Suddenly down 17-3 early in the third quarter after three straight Chargers scoring drives, the Raiders needed to mount something. They mounted a five-play drive that ended with Miller giving up the sack on Carr.

The final sack was given up by Gabe Jackson to put the Raiders in 3rd and 17. A 12-yard catch by Jalen Richard set up the 4th and five for the game. And Ingram blew by Parker to close fast on Carr, leading to his ‘Don’t hurt me!’ throw into the turf.

Tahir Whitehead

You may have noticed a name missing from the group of Baller linebackers. It’s Whitehead. As it often is. While the others were doing work, he was getting worked.

On the Chargers’ first scoring drive, he and Karl Joseph missed tackle to give up the first down on fourth and one. The following drive, the Chargers were in third and one and Whitehead gave up a 3-yard catch. They would get the touchdown off this conversion.

On the Chargers final scoring drive, he was out of position on the first two plays resulting in a 7-yard catch and a 10-yard run. He led the team in tackles and not one of them was a stop inside 3 yards or impact play.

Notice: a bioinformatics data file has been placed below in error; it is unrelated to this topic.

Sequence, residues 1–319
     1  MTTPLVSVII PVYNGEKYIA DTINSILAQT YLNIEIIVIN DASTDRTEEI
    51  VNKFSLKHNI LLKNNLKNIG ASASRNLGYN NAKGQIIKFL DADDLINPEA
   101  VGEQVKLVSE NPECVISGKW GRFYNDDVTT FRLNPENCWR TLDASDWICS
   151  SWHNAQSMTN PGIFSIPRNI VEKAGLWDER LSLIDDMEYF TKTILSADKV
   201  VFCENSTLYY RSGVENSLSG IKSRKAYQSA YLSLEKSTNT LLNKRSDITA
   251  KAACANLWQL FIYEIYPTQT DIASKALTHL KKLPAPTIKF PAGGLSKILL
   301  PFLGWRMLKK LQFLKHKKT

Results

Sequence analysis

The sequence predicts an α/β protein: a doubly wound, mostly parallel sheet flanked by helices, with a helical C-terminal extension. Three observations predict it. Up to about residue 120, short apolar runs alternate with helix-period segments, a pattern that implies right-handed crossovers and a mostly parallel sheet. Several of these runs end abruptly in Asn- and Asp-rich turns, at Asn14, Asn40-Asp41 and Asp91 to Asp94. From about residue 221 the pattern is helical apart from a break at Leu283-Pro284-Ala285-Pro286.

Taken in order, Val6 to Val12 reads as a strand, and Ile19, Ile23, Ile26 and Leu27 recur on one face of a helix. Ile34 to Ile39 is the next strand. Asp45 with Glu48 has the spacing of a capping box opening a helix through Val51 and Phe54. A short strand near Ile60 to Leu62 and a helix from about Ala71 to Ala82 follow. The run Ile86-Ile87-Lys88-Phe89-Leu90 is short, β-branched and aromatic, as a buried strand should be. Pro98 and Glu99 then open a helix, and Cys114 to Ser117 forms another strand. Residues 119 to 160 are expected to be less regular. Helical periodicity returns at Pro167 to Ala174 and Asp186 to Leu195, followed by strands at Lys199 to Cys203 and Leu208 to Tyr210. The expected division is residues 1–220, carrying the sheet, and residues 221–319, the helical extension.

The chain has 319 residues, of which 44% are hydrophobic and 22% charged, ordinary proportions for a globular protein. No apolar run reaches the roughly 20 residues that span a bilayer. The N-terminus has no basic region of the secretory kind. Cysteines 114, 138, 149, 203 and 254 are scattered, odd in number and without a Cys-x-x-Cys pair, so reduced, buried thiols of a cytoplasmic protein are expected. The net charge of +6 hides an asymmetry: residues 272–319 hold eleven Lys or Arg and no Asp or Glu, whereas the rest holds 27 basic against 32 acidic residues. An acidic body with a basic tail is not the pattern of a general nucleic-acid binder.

Gareon Conley, Reggie Nelson

Daryl Worley and Karl Joseph both gave up big catches too, but they offset those with some nice plays as well. The same can’t be said for Conley and Nelson. The most glaring transgression was the biggest play of the game. On the Chargers’ first drive of the second half, Rivers found Melvin Gordon out right in space. Conley was the first line of defense. He whiffed on Gordon. Nelson was the next line and he whiffed as well and Gordon was gone 66 yards for the score to put the Chargers up 17-3.

Conley would also give up catches of 6, 23, and 18 yards in the game.

Keith Smith

He had two penalties on returns and gave up a tackle for loss. Failing in his two primary jobs.

See the Ballers